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In previous posts, we have discussed various estate planning documents and how they differ, but many times there is confusion as to what takes effect and when. Or, you may wonder why you can’t just appoint an agent (power of attorney) in your Will.  I have provided a simple review of each document, its purpose, and when it takes effect in hope that I can quickly dispel the confusion.

Generally, when clients meet with me for estate planning, three documents are prepared and executed: the Financial Power of Attorney, the Durable Health Care Power of Attorney/Advanced Health Care Directive, and the Will. 

The Financial Power of Attorney allows your agent to access your financial accounts, pay bills and make transfers on your behalf immediately upon signing.  It is important to select someone you trust as they have access to all of your financial accounts.  There are ways to protect yourself and ensure that the agent you have appointed is acting in your best interests.  One way is to appoint co-agents so they act as a check on each other.  However, this can lead to disagreements between the agents and defeat the purpose of the document itself.  Another way is to request an accounting of your agent’s activity if you suspect something is amiss.  The agent is bound to follow certain fiduciary duties while acting as your agent.  If your agent fails to act in your best interest, they can be brought before the court and made to remedy their actions.  However, the best way to be proactive is to appoint someone that you trust implicitly from the beginning.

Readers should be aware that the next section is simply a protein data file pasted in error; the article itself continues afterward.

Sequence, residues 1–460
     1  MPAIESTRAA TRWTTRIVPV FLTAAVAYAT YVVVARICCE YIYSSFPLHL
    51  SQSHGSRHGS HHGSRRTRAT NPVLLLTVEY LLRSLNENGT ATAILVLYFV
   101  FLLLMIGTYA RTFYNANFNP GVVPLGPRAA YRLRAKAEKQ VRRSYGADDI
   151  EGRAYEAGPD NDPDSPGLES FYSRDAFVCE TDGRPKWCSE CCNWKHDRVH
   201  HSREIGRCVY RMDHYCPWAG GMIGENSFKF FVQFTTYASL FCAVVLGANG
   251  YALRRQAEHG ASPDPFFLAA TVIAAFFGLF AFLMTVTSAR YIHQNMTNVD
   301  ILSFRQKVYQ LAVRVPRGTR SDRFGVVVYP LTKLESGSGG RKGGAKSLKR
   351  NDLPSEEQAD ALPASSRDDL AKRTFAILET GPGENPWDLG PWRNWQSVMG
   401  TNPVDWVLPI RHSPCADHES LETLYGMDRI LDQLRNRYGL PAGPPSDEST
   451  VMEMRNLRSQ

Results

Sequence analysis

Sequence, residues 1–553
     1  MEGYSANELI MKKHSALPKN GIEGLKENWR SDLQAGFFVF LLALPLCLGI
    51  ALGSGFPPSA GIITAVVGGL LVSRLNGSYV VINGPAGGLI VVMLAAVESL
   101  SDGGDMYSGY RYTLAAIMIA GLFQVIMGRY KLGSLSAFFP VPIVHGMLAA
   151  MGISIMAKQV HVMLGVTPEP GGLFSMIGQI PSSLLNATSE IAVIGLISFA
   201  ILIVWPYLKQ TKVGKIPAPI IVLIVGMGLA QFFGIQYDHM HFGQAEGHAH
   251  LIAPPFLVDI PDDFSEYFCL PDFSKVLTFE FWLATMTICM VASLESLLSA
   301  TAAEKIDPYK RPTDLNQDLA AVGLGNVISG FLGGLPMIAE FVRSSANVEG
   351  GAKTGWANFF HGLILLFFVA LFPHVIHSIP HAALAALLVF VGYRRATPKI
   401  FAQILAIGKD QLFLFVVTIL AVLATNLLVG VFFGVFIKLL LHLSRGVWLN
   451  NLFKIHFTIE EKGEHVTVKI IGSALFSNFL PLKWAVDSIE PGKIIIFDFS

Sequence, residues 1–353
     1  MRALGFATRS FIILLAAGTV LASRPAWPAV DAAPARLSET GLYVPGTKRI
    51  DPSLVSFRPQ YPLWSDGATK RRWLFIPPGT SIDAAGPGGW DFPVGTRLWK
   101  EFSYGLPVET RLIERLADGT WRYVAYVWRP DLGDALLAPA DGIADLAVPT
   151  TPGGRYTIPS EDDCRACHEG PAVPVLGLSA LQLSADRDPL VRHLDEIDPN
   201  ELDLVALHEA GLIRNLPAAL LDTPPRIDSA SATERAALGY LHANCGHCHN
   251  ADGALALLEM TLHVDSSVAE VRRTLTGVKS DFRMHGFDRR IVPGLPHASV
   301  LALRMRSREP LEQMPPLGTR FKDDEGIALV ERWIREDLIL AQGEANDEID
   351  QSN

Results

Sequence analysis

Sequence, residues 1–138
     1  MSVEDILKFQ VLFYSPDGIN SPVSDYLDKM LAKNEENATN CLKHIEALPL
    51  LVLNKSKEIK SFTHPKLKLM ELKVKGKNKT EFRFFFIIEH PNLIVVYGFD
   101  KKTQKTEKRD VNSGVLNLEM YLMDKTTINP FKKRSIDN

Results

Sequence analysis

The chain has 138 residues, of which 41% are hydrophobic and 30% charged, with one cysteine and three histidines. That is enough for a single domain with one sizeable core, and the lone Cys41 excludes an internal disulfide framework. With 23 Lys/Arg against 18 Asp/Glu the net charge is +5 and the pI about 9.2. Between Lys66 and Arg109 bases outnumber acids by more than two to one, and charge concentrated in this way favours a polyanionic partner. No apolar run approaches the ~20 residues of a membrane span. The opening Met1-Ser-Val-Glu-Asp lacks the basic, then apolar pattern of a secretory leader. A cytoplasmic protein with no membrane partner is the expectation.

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As you update your Facebook page, have you ever wondered how your beneficiaries could obtain access to your “digital assets” upon your death?  Indeed, could they access your digital assets if you were incapacitated during your lifetime?  Prudent people plan through financial powers of attorney for incapacity during lifetime, or for the disposition of their

The IRS issues its Standard Mileage Reimbursement Rate each year. The rate determines the amount that can be used as a deduction for business travel and serves as a guideline for employers who reimburse their employees for the same. It reflects not only fuel costs, but also factors in average wear and tear on a

The Pennsylvania Legislature this week passed a bill that, for the first time in Pennsylvania, allows bars, restaurants and other similar establishments to conduct small games of chance, daily drawings and raffles. The bill will now go to the Governor for final approval. It is expected that the Governor will sign the bill into law.